**Disclaimer: This blog post is about as old as the hills. I wrote it last year but didn't add any pictures, and then I absolutely forgot about it. But since it's sitting here all ready to go, I don't see any reason not to share it with the world! Hopefully I'll get my act together to start writing more timely posts soon.
One of the lovely things about Montreal in autumn is the changing of the leaves. Fall on the west coast looks very much the same as winter - wet -, but farther east, there's a definite changing of the seasons. The light shining through the living room window has a golden cast, there's a nip in the air, and the trees are aflame with different shades of red, orange and yellow. I absolutely love it. It's gotten cold enough at this point that I've had to upgrade my coat, though I haven't pulled out the heavy duty winter coat and boots yet (that's another stage entirely), and I'm getting a lot of use out of my drawer full of pashmina scarves. Autumn, in my opinion, is the greatest season for fashion. Also for food.
Last week I did something that seems as quintessentially fall-ish as jumping in a leaf pile, yet being from the west coast, I had never done before. The school that I work at organizes all kinds of interesting activities for the students at the end of sessions and last Friday, we went apple picking. I'm sure I was the most excited person on the trip, and I must have looked like a very giddy (and nerdy) little kid bouncing around in the front of the bus as we prepared to leave. We drove about an hour out of Montreal to a place called Les Fromages du Verger (french for Cheese Orchard) in St-Joseph-du-Lac and, after a short tractor ride, were set free in the orchard. We wandered about in a dreamy autumn haze, happily picking to our hearts content and filling our bags to the brim with Spartan, Empire and Cortland apples. About two hours later, we got back on the bus feeling very satisfied with ourselves and headed home.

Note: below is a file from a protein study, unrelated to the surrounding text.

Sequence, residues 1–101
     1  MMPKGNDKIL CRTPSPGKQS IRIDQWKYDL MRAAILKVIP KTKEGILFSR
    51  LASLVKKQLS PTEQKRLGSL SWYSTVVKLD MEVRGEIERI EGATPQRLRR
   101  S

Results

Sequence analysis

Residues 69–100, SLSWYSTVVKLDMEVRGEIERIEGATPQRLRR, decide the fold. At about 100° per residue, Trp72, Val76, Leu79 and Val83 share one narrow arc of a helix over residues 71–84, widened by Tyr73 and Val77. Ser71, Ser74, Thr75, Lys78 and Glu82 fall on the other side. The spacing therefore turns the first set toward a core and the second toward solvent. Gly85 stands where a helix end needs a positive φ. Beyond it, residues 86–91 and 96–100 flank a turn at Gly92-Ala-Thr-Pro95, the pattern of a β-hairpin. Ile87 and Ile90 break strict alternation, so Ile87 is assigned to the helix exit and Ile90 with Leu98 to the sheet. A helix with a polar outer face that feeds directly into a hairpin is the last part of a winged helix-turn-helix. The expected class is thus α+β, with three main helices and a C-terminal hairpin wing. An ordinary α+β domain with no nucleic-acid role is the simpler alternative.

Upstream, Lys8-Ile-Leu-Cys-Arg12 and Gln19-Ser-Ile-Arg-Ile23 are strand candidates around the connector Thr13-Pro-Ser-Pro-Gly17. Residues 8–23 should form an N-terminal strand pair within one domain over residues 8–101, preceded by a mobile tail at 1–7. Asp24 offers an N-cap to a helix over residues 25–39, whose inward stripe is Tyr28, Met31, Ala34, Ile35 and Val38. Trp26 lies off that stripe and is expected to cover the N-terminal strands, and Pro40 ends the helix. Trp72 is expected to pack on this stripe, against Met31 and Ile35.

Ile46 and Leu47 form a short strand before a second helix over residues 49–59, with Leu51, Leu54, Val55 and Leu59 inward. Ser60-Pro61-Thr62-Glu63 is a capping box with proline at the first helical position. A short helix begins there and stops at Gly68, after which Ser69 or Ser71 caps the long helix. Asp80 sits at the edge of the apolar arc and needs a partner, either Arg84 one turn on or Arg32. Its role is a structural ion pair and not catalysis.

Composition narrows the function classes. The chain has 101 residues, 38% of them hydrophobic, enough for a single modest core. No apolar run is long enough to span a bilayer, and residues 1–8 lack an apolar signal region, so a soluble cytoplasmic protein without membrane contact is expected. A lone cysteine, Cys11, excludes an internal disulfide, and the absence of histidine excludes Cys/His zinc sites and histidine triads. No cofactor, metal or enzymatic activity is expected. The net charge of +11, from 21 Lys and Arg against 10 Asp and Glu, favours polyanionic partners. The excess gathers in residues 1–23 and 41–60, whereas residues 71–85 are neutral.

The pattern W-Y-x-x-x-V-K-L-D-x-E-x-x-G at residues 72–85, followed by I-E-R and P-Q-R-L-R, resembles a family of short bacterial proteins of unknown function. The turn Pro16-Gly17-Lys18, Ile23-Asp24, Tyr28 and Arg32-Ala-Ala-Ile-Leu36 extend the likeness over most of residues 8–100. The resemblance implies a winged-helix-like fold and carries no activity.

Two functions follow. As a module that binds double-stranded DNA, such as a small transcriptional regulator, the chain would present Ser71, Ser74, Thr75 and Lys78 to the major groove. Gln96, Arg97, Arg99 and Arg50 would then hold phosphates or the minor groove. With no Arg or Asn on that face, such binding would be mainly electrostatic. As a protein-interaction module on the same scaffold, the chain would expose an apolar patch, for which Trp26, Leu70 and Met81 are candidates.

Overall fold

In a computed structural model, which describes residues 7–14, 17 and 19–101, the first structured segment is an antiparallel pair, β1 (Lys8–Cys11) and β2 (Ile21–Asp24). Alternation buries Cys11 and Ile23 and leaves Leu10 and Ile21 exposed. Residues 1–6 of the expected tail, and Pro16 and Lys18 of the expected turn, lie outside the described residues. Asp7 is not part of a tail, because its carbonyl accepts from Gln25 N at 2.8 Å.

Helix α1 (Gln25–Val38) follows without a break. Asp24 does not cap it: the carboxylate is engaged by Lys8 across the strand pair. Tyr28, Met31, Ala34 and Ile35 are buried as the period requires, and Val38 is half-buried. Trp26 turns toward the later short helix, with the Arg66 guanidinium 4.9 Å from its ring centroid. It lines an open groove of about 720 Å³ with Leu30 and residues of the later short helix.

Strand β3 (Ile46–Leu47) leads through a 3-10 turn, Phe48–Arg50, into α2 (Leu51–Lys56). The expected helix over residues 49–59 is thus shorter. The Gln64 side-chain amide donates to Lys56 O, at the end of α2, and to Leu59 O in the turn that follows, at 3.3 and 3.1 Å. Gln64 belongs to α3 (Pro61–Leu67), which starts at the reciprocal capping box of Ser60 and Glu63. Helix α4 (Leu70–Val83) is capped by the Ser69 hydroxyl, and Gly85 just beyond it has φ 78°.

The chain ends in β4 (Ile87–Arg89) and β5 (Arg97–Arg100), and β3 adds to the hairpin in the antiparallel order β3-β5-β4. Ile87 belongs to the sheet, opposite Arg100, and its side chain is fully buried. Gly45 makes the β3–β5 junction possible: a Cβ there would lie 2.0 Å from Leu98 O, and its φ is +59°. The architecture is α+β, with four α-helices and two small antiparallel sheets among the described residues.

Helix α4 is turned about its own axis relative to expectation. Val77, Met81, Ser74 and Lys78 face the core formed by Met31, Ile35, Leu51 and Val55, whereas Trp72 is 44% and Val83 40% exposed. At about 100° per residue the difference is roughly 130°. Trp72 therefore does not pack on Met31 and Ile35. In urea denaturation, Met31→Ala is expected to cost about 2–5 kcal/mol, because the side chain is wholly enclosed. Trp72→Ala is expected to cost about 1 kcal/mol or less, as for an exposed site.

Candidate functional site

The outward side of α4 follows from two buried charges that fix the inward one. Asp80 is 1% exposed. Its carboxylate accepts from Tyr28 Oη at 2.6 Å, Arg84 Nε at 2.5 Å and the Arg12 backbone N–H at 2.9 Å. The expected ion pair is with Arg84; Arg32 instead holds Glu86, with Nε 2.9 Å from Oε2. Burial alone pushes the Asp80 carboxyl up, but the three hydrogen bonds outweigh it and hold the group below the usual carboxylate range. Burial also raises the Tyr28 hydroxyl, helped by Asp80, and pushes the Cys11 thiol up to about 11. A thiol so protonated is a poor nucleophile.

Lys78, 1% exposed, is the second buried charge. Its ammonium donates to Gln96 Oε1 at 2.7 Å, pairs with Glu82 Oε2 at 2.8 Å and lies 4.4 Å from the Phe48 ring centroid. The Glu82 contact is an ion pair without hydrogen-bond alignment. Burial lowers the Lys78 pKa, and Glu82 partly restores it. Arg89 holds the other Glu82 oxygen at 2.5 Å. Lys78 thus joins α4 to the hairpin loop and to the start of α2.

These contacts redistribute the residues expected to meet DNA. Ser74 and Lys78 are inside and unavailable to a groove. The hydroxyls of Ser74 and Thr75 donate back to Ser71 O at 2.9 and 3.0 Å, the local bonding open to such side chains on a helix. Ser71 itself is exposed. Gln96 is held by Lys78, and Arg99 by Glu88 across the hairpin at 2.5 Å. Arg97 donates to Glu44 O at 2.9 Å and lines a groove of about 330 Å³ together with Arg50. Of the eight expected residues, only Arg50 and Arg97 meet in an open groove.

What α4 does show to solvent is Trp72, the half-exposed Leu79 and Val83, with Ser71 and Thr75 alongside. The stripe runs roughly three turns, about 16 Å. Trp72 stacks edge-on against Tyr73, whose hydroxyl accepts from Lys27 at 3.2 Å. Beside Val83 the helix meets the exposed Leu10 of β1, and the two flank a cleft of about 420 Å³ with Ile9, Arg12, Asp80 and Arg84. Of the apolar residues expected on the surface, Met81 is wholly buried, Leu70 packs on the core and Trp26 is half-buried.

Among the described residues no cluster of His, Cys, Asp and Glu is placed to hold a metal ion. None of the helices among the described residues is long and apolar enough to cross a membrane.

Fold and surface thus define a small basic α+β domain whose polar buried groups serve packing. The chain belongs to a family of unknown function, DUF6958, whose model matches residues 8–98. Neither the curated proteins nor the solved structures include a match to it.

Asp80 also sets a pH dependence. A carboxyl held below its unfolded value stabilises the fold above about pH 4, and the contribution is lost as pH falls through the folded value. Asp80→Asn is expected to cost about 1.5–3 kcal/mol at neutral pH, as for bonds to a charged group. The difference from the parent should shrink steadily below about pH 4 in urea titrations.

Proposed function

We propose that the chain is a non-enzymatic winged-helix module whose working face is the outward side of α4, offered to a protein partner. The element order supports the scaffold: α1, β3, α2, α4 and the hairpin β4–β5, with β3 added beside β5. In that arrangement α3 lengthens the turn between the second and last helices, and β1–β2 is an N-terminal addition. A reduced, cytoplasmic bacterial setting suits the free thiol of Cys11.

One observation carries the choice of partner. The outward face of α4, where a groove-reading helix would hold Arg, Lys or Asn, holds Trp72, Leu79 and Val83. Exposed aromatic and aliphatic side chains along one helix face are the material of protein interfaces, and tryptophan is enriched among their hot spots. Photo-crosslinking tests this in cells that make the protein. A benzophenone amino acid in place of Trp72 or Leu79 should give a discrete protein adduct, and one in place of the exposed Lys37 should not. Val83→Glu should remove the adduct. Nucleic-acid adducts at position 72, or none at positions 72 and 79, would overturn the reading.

So then I found myself with a huge bag of crisp, ruddy apples and I thought, "What else is there to do, really?" So I made an apple pie.
Now, first of all, I don't really like apple pie. There's just something about the texture of cooked apples that I can't handle. My husband thinks I'm a crazy person, and maybe he's right. But when one finds oneself with a bumper crop of perfect apples, so eager to be cuddled up in pastry with a bit of cinnamon and sugar, well...let's just say, I didn't feel I had a choice.
Also, I had just found this apple pie recipe in the newspaper that called specifically for Cortland, the very variety I had stocked up on that day. Now, do you call that providence or what?
as seen in the Gazette, Wednesday October 3rd, 2012
For the pie:
6 cups of thinly sliced apples
1/3 cup sugar
1 tsp cinnamon
2 T heavy cream
1 recipe single-crust pie
**I made my pie crust, which I always think tastes better, but I'm sure it would be just fine if you use a store bought crust. Just make sure it's fresh and not freezerburnt! Nothin' worse than a freezerburnt crust.
For the crumble:
1 cup oats (not the minute kind)
3/4 cup brown sugar
1/3 cup flour
1/2 cup butter
Preheat oven to 350 degrees. Combine the apples, cinnamon and sugar in a large bowl and set aside to marinate for a few minutes. In another bowl, combine the crumble ingredients and blend, using a fork, a pastry cutter, or your fingers. Fill the pie crust with the apples. (The apples will shrink while they bake, so put in more than you think you need. Pile 'em high!) Sprinkle the crumble mix on the top and drizzle cream all over it. Bake for about 45 minutes or until the top is a nice golden brown. For optimum results, let sit for an hour or so until the juices have firmed up.
I have to say, for a non apple pie lover, this baby was pretty good. I actually ate an entire slice and enjoyed it, which is really saying something for me. Top it off with a spot of whipped cream and you've got yourself a pie to be proud of!